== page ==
Authenticity

AUTHENTICITY….Ryan Lizza’s profile of presidential hopeful George Allen is mostly notable for its evidence of Allen’s youthful Confederate sympathies, but there’s a subtext to the whole thing that might be even more important. Here is George Allen, man of the people, in action at a political shindig in Virginia:

As the scrum breaks up, Allen turns away and spits a long brown streak of saliva into the dirt, just missing one of his constituents, a carefully put-together, blonde, ponytailed woman approaching the senator for an autograph. She stops in her tracks and stares with disgust at the bubbly tobacco juice that almost landed on her feet. Without missing a beat, Allen’s communications director, John Reid, reassures her: “That’s just authenticity!” It’s a word they use a lot it the Allen world ? “authenticity.”

The press corps is a sucker for “authenticity,” and it’s something that both George Bush and John McCain have cleverly exploited ? because for most reporters, speaking in complete sentences or having smart ideas about policy are way less important than being a “straight talker” or “comfortable in your own skin.” But just as McCain’s embrace of Jerry Falwell has shown him to be a wee bit less of a straight talker than his handlers claim, Allen’s “authenticity” also turns out to be barely skin deep. See, Allen didn’t grow up in the South at all. He grew up in Chicago and California:

In Palos Verdes, an exclusive cliffside community, he lived in a palatial home with sweeping views of downtown Los Angeles and the Santa Monica basin. It had handmade Italian tiles and staircases that his eccentric mother, Etty, designed to match those in the Louvre. “It looks like a French ch?teau,” says Linda Hurt Germany, a high school classmate.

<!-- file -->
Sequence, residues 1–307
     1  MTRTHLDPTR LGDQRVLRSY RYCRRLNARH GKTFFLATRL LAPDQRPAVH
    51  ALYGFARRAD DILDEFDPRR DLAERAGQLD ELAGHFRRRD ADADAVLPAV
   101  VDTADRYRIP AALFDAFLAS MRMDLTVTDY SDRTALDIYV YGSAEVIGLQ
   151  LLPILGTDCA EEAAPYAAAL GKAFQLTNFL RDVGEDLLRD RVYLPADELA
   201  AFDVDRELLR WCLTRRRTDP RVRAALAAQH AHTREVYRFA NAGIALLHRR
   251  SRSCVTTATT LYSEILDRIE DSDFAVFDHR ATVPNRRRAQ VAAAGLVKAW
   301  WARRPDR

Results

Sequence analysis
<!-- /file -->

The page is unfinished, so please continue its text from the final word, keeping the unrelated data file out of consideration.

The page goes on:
….While there, [Allen] became obsessed with the supposed authenticity of rural life ? or at least what he imagined it to be from episodes of “Hee Haw,” his favorite TV show, or family vacations in Mexico, where he rode horses. Perhaps because of his peripatetic childhood, the South’s deeply rooted culture attracted him….Whatever it was, Allen got his first pair of those now-iconic cowboy boots from one of his father’s players on the Rams who received them as a promotional freebie. He also learned to dip from his dad’s players. At school, he started to wear an Australian bush hat, complete with a dangling chin strap and the left brim snapped up. He wore the hat for a yearbook photo of the falconry club. His favorite record was Johnny Cash’s At Folsom Prison.

Ed Kilgore explains why we should care about this, even though it’s long in the past:

As a native southerner, I find this weird and a bit troubling. Personally, I have all sorts of issues with the Confederate Flag and the whole self-destructive cult of the Lost Cause. But I do understand its appeal to people who have grown up saturated in southern culture; I may sometimes consider them SOBs, but they are my SOBs. The idea of young, incredibly privileged, golden-boy-quarterback George Allen of California choosing to embrace southern shibboleths at the precise moment, in the late 1960s, when they were most associated with atavistic racial attitudes, bothers me a lot.

Allen may reasonably claim that what he did as a teenager four decades ago shouldn’t be held against him now. But the consistent evidence in Lizza’s piece that Allen’s red state good ‘ol boy schtick is little more than a personal invention, carefully cultivated and maintained through the years, should at least give the press corps pause as they cover his campaign. They’ve gotten suckered by this act before, and both McCain and Allen are currently gearing up to sucker them again with the same song in a different key. Caveat emptor should be their watch phrase this time around.